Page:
Paderewski & Stojowski: Violin Sonatas (CPO)
I would happily subscribe to an emergent series of forgotten Polish treasures if the quality remained this high
We don’t hear much of Ignacy Jan Paderewski these days, let alone his friend Zygmunt Stojowski. The first prime minister of independent Poland has been overshadowed politically by the nation’s turbulence — and musically by Szymanowski. Famed in his day as a virtuoso pianist, Paderewski enjoyed considerable reputation before 1914 as a popular symphonist in sub-Rachmaninov mode. His lifelong pal Stojowski was equally successful on both fronts. I can’t remember seeing either of them on a concert programme in recent years.
There are hints of Jewish melody, which is odd since Paderewski was co-publisher of an antisemitic newspaper
This pairing of violin-piano sonatas by the two Poles comes close, at times, to revelation. The Paderewski sonata dates from his first wife’s death after childbirth in 1881, amid the immediate pressures of caring for their severely handicapped son. The communication is urgent and the emotion intense, most of all in the opening movement; although there is no real slackening as the dark mood lightens. There are hints of Jewish melody, which is odd since the blueblood Paderewski had no sympathy for Poland’s largest minority and was briefly co-publisher of an antisemitic newspaper. The general tone here is akin to the César Franck sonata, which is a very elevated level for a composer whose first instrument is piano. The Paderewski sonata demands to be heard.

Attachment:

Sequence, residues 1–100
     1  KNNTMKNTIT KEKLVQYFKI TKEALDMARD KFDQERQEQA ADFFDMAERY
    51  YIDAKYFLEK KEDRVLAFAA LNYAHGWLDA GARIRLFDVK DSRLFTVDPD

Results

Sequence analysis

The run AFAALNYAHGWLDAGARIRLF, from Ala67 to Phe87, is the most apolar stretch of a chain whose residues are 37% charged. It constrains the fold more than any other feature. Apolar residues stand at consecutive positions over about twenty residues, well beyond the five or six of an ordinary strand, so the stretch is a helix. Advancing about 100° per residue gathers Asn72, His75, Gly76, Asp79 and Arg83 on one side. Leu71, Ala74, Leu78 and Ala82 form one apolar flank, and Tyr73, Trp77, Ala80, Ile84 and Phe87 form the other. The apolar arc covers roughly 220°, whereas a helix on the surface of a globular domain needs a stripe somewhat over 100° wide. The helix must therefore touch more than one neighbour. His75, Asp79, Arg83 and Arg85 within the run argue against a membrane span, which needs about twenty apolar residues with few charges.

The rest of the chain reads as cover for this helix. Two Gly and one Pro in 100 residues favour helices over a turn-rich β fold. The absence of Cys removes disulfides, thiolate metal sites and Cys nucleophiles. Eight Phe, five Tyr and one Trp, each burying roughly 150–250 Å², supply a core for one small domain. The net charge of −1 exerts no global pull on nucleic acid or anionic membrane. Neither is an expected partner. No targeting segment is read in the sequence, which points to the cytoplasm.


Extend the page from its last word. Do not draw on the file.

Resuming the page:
Paderewski died in US exile in 1941; his remains were transferred to Warsaw half a century later.
Stojowski was, on this evidence, an even better composer for the violin. Mentored in his teens by Paderewski, he migrated to New York in 1905 and was a pioneer in its musical life, founding the piano department of what would become the Juilliard School. At his death in 1946, the New York Times reminded readers that he was among “the most authoritative exponents of Paderewski’s methods and musical ideals”. On the evidence of these two sonatas, he added a Kreisler-like wit to late-romantic adumbrations. The violinist Piotr Plawner and pianist Piotr Salajczyk give captivating and altogether convincing performances of these obscurities.
I would happily subscribe to an emergent series of forgotten Polish treasures if the quality remained this high.
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